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S

planning the domestic calendar of English men is a desperately difficult business. You juggle the interests of red and white ball games across four competitions, 26 teams and around 30 venues, while trying to accommodate international action.

But, by all accounts, the 2021 season – in terms of timing and format – has been a dog dinner.

The LV = Insurance County Championship has been seen to be played in two games, each very distinct from one another, at opposite ends of the summer. He saw the Vitality Blast group stage played in June, its quarter-finals in August and its final day in mid-September. We saw the Royal London One-Day Cup relegated to the Hundreds (the centerpiece around which everything was built), and its final played on a Thursday.

We already know a little more about the summer of 2022, and a little more has been leaked about the ongoing discussions on how the championship works. What we know:

• The Vitality Blast will end with the day of the final on July 16

• England’s men’s calendar, unless an additional test against India is scheduled

• These two elements tell us that the Hundred will have to be played between July 17 (after the end of the Blast) and August 14, last weekend, England do not have a test match this month. Sky, after all, won’t be broadcasting a Men’s Test and Finals weekend on the same day. That gives the Hundreds a window of four weeks, which is a lot of time.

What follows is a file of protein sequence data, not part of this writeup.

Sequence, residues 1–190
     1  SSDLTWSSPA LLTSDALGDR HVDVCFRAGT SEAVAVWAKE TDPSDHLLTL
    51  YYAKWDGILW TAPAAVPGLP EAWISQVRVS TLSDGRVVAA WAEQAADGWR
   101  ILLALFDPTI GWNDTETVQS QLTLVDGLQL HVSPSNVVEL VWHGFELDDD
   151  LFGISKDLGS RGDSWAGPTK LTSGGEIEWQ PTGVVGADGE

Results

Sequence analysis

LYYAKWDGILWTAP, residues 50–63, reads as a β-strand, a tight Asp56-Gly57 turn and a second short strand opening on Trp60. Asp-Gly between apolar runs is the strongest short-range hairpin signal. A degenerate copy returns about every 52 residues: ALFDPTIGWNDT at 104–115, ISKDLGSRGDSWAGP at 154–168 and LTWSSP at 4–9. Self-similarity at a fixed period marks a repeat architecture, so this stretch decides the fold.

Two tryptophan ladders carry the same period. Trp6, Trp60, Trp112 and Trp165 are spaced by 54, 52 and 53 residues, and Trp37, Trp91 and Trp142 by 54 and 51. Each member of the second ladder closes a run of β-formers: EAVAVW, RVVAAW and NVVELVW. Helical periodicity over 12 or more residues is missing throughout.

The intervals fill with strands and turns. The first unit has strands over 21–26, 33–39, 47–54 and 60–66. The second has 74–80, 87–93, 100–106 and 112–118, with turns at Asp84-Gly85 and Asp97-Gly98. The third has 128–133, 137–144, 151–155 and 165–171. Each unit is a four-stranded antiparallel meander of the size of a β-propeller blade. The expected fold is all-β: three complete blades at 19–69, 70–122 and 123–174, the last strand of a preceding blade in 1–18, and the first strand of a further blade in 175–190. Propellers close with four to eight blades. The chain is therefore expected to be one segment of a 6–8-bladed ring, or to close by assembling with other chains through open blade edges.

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Using that information, this article is an attempt to come up with a better way forward for the domestic game in 2021 and beyond.

The proposed schedule – approximately

• April: RLODC group stage

• From May 1 to mid-June: 7 first rounds of CC and KO RLODC

• from mid-June to July 18: Vitality Blast

• July 18-August 14: Les Cent; The Bob Willis Trophy

• From August 15: last 7 rounds of CC

• June: Tests vs New Zealand

• July: Limited Overs against India and South Africa

• August: Tests against South Africa

What is the Bob Willis Trophy?

Le Cent – like it or not – is here to stay. With him, at least 100 of the best white ball cricketers in the county game in the height of summer.

This means that any white ball competition played in this slot – like the Royal London this year – lacks quality and sees red ball specialists twiddling their thumbs or playing like square pegs in round holes. It also means that the next generation of ODI players from England are not playing cricket at 50, which is a concern beyond the 2027 World Cup. It is more damaging for, say, Will Jacks or Tom Banton of miss a 50 point cricket than another red ball cricket.

So why not play red ball cricket at this time? Well, because the County Championship – still the most loved competition for players and fans – would be compromised by weakened teams.

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